Malaysia says flight MH370 has crashed in southern Indian Ocean
Published on Mar 24, 2014 10:09 PM
KUALA LUMPUR - Malaysia announced on Monday night that Malaysia Airlines (MAS) flight MH370, which disappeared on March 8 while travelling from Kuala Lumpur to Beijing, was lost in the southern Indian Ocean.
MAS informed families of the 239 passengers and crew members that the plane was assumed to have crashed with no survivors.
"Malaysia Airlines deeply regrets that we have to assume beyond any reasonable doubt that MH370 has been lost and that none of those on board survived,'' the airline said in a SMS message.
"We must now accept all evidence suggests the plane went down in the southern Indian Ocean,"
Shortly after, Prime Minister Najib Razak addressed a press briefing that was hastily scheduled.
"This evening I was briefed by representatives from the UK Air Accidents Investigation Branch (AAIB). They informed me that Inmarsat, the UK company that provided the satellite data which indicated the northern and southern corridors, has been performing further calculations on the data. Using a type of analysis never before used in an investigation of this sort, they have been able to shed more light on MH370’s flight path," he told reporters.
"Based on their new analysis, Inmarsat and the AAIB have concluded that MH370 flew along the southern corridor, and that its last position was in the middle of the Indian Ocean, west of Perth.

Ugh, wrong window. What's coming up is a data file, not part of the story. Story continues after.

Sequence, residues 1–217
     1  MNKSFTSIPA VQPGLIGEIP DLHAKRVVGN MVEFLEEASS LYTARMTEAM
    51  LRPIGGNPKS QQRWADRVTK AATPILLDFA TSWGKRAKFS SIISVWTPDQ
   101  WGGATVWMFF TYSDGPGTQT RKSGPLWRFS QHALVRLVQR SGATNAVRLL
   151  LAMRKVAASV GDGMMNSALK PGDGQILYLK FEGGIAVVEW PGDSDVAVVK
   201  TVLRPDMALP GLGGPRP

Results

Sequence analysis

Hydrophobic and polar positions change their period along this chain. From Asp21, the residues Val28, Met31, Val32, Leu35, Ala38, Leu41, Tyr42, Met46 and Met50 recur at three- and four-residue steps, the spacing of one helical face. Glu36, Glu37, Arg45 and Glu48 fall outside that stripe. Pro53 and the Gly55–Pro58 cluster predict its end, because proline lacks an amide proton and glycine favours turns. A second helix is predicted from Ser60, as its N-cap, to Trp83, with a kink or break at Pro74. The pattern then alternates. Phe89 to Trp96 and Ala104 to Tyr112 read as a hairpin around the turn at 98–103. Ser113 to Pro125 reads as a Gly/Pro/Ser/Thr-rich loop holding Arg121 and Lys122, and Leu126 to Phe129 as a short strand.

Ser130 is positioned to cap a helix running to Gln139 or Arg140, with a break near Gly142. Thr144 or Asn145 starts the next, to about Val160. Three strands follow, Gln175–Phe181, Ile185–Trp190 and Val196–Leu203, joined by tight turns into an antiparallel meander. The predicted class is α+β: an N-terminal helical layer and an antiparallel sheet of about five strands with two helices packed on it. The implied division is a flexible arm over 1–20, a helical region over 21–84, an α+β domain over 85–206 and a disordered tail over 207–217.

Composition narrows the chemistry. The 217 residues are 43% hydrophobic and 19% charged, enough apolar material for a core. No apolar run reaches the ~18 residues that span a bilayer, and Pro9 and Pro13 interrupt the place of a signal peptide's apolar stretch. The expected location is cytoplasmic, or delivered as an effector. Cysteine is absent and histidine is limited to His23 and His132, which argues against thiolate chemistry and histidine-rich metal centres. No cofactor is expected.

"This is a remote location, far from any possible landing sites. It is therefore with deep sadness and regret that I must inform you that, according to this new data, flight MH370 ended in the southern Indian Ocean,'' said Mr Najib.
He said MAS has briefed the families and Malaysia will hold another press conference on Tuesday. He urged the media to respect the families' privacy and to give them space and time to grieve over their losses.
"For them, the past few weeks have been heartbreaking; I know this news must be harder still. I urge the media to respect their privacy, and to allow them the space they need at this difficult time," he said.
"We wanted to inform you of this new development at the earliest opportunity. We share this information out of a commitment to openness and respect for the families, two principles which have guided this investigation,'' he added.
Flight MH370 vanished from civilian radar screens less than an hour after take-off from Kuala Lumpur for Beijing on March 8.
No confirmed sighting of the plane has been made since, but much debris has been found in remote waters off Australia which might be part of the missing plane.
MAS said on Monday night that the multinational search operation will continue, as authorities seek answers to the questions which remain.
"We would like to assure you that Malaysia Airlines will continue to give you our full support throughout the difficult weeks and months ahead,'' it added.